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First Thursdays, an event that's become one of Baltimore's quintessential summer evening experiences, is returning to Mount Vernon.

The summer concert series, which is off to a late start after being canceled in May and again in June, debuts, weather permitting, at 5:30 p.m. today at West Mount Vernon Park.

Annapolis band Pressing Strings will open for the Guggenheim Grotto, a pop folk band from Ireland.

"In a time when being connected means tapping at your keyboard or PDA, First Thursday provides people the opportunity to interact with their friends," says Steve Yasko, general manager of WTMD, the radio station that's sponsored the shows for the last five years after inheriting the responsibility from Baltimore's City Paper.

"I think that brings a great amount of creativity and a sense of community that cities can often pull away from."

WTMD invests about $20,000 in the series each year, which runs every first Thursday from May through October. The bands donate their time.

In May, the concert was canceled because of landscaping concerns at the park. The show was rained out in June.

Mother Nature permitting, Yasko expects people to start arriving at about 4:30 p.m. to claim a good vantage point. The headline act plays for about an hour, with the concert usually wrapping up about 8:30 p.m.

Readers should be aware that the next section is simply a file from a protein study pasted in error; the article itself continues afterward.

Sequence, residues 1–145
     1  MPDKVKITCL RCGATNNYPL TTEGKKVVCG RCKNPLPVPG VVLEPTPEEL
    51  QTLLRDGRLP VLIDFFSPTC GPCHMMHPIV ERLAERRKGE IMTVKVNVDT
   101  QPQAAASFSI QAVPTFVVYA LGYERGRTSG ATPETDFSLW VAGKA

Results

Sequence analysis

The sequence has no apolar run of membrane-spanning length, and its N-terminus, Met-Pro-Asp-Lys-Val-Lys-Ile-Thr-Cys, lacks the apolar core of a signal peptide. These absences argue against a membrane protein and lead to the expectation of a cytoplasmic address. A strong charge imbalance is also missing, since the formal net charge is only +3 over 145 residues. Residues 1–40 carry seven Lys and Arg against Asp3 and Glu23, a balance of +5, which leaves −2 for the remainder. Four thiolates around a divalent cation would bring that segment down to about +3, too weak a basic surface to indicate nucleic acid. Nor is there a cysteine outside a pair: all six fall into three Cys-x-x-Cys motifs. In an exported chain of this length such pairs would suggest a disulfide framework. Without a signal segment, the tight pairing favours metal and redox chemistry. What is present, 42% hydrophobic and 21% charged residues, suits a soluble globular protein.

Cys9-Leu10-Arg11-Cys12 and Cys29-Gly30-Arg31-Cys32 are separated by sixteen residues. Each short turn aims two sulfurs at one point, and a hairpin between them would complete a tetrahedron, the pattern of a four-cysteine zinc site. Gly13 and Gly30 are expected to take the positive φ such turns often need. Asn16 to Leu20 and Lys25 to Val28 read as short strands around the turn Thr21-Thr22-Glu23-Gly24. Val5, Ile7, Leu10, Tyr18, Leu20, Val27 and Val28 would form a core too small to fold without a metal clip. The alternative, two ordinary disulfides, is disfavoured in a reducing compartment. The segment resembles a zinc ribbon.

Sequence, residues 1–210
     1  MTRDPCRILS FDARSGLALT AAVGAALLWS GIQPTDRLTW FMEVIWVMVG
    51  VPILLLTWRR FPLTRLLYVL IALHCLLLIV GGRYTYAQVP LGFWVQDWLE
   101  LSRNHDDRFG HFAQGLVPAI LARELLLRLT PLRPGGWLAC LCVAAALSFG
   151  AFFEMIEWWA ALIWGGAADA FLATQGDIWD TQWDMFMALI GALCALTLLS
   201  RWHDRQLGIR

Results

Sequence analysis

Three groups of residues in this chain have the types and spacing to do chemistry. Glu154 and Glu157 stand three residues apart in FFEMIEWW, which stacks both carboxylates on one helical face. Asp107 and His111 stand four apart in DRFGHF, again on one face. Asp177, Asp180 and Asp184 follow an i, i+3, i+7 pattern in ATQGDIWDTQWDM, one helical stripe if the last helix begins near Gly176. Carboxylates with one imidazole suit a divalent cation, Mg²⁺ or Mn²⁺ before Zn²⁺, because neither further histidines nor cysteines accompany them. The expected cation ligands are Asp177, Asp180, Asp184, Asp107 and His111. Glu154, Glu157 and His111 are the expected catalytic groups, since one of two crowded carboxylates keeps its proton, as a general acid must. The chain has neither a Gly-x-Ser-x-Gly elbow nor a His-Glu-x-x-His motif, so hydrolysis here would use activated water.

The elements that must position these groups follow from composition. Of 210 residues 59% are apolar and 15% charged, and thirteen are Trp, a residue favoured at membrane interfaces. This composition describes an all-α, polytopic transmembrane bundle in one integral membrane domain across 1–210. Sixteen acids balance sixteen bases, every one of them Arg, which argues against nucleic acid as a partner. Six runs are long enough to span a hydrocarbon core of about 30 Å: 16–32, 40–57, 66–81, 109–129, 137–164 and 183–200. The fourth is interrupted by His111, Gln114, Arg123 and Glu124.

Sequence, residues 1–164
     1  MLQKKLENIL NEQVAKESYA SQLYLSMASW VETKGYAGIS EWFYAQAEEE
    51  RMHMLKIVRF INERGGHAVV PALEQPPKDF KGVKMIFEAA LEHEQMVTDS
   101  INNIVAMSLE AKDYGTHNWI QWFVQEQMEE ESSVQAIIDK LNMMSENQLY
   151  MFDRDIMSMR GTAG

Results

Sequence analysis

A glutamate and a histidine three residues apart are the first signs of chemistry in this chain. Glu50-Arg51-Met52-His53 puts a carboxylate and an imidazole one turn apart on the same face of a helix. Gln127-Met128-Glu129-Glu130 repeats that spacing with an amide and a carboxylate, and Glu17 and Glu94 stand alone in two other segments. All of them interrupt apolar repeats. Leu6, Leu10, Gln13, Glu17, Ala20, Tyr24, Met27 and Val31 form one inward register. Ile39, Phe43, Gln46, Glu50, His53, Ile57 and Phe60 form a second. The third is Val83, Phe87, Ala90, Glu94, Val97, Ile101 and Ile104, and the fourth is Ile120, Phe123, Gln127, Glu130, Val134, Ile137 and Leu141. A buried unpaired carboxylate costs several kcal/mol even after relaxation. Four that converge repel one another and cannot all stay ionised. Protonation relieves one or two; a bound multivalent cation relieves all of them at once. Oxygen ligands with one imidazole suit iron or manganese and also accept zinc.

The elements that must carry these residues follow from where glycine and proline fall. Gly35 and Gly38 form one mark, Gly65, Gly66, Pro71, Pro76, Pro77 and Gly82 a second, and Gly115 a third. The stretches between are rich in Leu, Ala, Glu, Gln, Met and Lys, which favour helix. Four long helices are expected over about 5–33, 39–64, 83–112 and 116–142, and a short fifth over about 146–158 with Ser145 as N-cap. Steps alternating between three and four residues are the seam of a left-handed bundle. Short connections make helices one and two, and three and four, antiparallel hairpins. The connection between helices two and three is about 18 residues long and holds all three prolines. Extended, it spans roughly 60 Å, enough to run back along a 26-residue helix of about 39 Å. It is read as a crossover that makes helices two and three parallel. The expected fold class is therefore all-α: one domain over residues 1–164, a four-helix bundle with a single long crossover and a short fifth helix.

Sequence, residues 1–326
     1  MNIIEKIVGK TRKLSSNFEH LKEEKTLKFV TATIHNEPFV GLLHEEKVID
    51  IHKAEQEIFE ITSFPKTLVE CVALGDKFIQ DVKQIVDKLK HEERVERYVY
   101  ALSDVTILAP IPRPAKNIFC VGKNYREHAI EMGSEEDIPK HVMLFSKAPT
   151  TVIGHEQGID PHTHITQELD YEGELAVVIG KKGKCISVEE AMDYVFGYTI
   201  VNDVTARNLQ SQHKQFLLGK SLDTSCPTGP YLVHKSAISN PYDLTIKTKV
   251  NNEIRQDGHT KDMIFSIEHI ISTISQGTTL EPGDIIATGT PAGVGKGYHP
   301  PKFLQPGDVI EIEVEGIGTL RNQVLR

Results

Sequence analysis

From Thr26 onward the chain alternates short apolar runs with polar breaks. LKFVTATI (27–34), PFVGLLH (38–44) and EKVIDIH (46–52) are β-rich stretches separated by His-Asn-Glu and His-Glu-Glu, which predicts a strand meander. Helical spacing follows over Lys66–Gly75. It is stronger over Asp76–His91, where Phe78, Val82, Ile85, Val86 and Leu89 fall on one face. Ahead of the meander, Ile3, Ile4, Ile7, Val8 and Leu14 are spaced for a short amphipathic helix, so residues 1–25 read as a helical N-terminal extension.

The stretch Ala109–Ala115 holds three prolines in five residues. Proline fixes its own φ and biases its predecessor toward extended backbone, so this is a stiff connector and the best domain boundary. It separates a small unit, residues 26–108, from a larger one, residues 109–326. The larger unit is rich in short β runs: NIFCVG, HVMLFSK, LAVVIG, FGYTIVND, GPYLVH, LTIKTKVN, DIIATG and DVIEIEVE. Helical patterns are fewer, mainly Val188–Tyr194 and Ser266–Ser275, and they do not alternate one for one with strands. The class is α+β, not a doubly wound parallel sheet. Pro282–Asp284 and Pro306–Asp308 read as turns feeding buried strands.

On warm summer evenings, young professionals head to the park after work. Families bring children. There are always a lot of dogs.

Yasko estimates about 3,000 people attend each show, though because the shows are free, people usually hang out a while and then move on.

It's unlikely to find thousands of folks there at any one time. It's more of an intimate experience, he says.

Pressing Strings is an acoustic trio recently featured on WTMD's Baltimore Unsigned show, and recently released an album, Where We Are.

Guggenheim Grotto has developed something of a cult following in the United States. Yasko describes the band's sound as "very rhythmic and engaging." "You'll be singing along with them by the end of the tune," he promises. The band's sophomore album is called Happy the Man.

In August, young blues rock talent Evan Watson will be the main attraction. Though September's headliner is still up in the air, the October show, as always, will be sponsored by the Baltimore Unsigned program and feature three area bands.

"We want to send the season out with people really knowing how many talented and creative musicians are here who are worthy of their attention," Yasko says.

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